True to Ernst’s methods, there is no definitive interpretation, but given his personal history, his flight from the Gestapo into self-imposed exile, and his disgust at the effects of war, it’s not hard to see a restrained melancholy on display.
In a landscape reminiscent of classical paintings of ruins, the figures could be overgrown statuary, or semi-mythical survivors of a forgotten war. A helmeted, bird-headed soldier threatens a female figure with a spear – or perhaps a ruined battle standard. Perhaps it is an allegory for the destruction of European civilization. Perhaps it is a denouncement, showing that once the dignified veneer of civilization is stripped away, only chaotic masses of half-formed nightmares remain. However you take it, Europe After the Rain II is a powerful image that provokes more questions than it answers, and a true masterpiece of Ernst’s ouevre.
For those interested in learning more about Ernst’s work, Max Ernst, 1891-1976: Beyond Painting (Taschen Basic Art) is an excellent book that includes many colour reproductions of the best of Ernst’s work including Europe After the Rain II and many others from this period of Ernst’s artistic career.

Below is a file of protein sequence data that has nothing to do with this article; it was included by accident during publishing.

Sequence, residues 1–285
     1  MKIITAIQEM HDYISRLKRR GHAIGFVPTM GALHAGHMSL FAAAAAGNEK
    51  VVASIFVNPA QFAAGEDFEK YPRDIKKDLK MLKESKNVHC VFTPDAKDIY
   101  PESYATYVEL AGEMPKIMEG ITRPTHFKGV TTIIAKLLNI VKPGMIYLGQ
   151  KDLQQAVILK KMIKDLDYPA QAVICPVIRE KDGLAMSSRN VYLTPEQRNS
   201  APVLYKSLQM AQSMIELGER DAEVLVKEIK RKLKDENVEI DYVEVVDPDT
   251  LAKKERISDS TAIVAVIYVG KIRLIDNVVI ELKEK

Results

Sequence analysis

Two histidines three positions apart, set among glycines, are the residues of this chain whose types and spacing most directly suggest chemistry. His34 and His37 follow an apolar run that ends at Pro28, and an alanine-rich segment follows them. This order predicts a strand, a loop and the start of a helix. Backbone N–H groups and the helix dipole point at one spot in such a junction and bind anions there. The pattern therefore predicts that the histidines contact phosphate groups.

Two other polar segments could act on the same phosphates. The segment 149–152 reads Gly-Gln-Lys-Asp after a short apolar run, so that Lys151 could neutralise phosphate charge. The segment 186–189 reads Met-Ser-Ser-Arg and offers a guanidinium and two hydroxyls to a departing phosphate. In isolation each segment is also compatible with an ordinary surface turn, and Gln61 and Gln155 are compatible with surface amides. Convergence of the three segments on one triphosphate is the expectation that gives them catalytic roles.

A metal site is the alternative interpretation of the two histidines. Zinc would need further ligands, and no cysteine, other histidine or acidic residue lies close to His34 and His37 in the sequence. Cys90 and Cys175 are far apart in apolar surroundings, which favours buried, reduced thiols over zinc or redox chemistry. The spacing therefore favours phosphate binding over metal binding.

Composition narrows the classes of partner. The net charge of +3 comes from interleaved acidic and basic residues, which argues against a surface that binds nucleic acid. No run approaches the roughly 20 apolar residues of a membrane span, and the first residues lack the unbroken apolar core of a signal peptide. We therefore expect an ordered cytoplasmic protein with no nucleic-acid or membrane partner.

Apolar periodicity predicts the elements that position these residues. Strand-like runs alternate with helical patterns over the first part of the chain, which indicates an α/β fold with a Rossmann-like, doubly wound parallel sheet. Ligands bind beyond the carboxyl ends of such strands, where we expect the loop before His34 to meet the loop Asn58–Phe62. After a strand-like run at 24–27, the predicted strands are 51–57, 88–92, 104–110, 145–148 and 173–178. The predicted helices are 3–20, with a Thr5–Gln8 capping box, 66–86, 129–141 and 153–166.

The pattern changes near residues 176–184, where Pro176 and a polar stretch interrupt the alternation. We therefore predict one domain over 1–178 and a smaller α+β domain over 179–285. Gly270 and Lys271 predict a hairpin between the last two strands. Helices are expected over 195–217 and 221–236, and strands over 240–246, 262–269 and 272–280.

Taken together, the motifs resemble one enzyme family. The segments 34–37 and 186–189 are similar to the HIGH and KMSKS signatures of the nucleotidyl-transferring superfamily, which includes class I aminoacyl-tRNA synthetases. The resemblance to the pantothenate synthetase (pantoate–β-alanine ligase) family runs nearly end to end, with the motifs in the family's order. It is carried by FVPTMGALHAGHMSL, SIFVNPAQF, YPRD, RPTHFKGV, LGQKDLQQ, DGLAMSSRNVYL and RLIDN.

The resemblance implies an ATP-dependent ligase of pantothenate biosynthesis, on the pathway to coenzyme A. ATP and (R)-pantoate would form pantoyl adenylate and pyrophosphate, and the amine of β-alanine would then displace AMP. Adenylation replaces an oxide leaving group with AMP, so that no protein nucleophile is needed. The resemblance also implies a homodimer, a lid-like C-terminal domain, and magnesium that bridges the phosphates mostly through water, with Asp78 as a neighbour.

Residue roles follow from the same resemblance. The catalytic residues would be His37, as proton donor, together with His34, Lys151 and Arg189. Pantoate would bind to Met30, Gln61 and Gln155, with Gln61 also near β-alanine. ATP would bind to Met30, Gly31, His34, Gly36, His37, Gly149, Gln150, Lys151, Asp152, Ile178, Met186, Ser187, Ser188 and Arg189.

Ernst finally did move back to Paris, where he died in 1976.
I stumbled across some pieces by NYC artist Hope Gangloff and was really blown away by her approach to surface and pattern. She paints scenes from the hipster jungle littered with tats and empty PBR cans that evoke early modernist traditions of painting, with a totally fresh approach that goes well beyond the isms.
I looked around a bit more and found this article: Hope Gangloff: Memories in Acrylics – CHAOS Magazine.
I read today that Maurice Sendak has died.
I find myself overwhelmed with sadness. Beyond admiration for his incredible skill as a writer and illustrator, a lot of that sadness is nostalgia that’s tied in with the experience of Sendak’s books. So many books – and so different, so many styles. The most incredible thing about the diversity of approaches Sendak employed is that in each, for all their variation, it is still very clear who the illustrator was – every single one looks exactly like a Sendak drawing.
It is hard to imagine a childhood without the bold, vintage comic-book style of Mickey’s adventures from “In the Night Kitchen”. Milk! Milk! Milk for the morning cake!